A Tree Grows in Brooklyn
Based on 6 reviews
Based on 11 reviews
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A Lot or a Little?
The parents' guide to what's in this book.
What Parents Need to Know
Parents need to know that A Tree Grows in Brooklyn is a poignant literary classic that tells the story of Francie Nolan as she grows up in the Williamsburg neighborhood of Brooklyn, NY, from 1902 to 1919. The novel brings to life the world in which Francie lives, yet portrays experiences that kids of any era can relate to -- navigating sibling relationships, making new friends, and discovering first love. It also deals with more serious subjects, such as Francie's father's alcoholism, the death of a loved one, an attempted molestation, and premarital sex causing a ruined reputation. Yet, these issues are seen through the eyes of an innocent young girl and presented in an emotionally authentic way.
Not appropriate for children
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Empowering and filled with many of life's lessons.
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What's the Story?
Francie Nolan is a smart, astute, imaginative girl who loves reading. She lives in the slums of Williamsburg, in Brooklyn, where her mother, Katie, works as a cleaning lady and her father, Johnny, holds unsteady jobs due to his alcoholism. Francie spends much of her day with her younger brother, Neeley, or reading books. She loves school and learning, and fears that her family may not be able to afford to continue sending her to school.The novel follows Francie from age 11 until she's a young woman with a job. As she grows up, Francie and her family struggle to make ends meet and often go to bed hungry. Yet, she loves her family, especially her often-singing father and her aunts, who have their own sordid lives, and experiences first love.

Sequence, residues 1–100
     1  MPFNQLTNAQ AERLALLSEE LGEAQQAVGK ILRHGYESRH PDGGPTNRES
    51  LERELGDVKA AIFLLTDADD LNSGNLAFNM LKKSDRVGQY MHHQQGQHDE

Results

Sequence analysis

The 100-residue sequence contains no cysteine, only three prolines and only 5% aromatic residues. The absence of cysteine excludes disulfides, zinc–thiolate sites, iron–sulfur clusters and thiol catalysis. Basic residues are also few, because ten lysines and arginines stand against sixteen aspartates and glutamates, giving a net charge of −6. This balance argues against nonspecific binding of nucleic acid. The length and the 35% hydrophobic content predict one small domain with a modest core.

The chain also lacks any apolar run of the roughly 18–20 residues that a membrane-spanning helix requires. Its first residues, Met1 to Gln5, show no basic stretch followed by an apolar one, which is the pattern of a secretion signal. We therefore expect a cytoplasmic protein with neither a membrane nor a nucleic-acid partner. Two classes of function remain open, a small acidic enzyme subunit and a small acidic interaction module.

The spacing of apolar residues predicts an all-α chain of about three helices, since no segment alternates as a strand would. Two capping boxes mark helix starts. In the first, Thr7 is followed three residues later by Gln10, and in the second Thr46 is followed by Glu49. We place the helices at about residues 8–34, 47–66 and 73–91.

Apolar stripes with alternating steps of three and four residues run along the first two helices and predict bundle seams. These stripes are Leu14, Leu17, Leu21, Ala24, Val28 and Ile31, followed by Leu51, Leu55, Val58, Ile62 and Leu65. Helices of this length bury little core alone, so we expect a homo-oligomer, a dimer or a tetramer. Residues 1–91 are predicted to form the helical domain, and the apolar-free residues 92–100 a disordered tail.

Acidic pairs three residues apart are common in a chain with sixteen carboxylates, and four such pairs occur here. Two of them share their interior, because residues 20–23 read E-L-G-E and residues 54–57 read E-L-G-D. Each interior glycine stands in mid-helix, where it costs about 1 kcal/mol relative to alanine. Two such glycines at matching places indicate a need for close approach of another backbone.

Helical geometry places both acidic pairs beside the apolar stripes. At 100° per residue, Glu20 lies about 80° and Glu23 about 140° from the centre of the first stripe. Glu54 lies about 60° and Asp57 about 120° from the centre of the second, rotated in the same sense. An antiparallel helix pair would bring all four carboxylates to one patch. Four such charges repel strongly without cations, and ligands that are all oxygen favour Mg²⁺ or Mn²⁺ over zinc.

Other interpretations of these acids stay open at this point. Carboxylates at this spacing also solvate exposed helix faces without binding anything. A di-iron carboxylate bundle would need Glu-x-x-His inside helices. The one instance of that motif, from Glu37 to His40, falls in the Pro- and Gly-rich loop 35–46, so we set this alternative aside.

Is It Any Good?
A TREE GROWS IN BROOKLYN is a called a classic for a reason: It's beautifully written, insightful, and Francie's story is timeless. While the unfolding plot has ups, downs, twists, and turns, Francie's introspective, wise perspective makes this work the honest novel that it is. Readers will rejoice in Francie's highest highs and mourn in her lowest lows. The story also underscores the powerful impact of place on childhood.
Talk to Your Kids About ...
Families can talk about how A Tree Grows in Brooklyn compares with other coming-of-age novels. What makes Francie's story unique, and what's similar to what other coming-of-age protagonists experience?
Ask your parents what impact the place they grew up in had on their lives.
Why do you think this novel is considered a classic?
- Author: Betty Smith
- Genre: Coming of Age
- Topics: Brothers and Sisters, Friendship
- Book type: Fiction
- Publisher: HarperCollins Publishers
- Publication date: January 1, 1943
- Available on: Paperback, Nook, Audiobook (unabridged), Hardback, iBooks, Kindle
- Last updated: June 11, 2015
Our Editors Recommend
To Kill a Mockingbird
Classic novel examines American racism and justice.
The Catcher in the Rye
One of the greatest novels of the 20th century.
The House on Mango Street
Poetic coming-of-age story deals with abuse, sexual assault.
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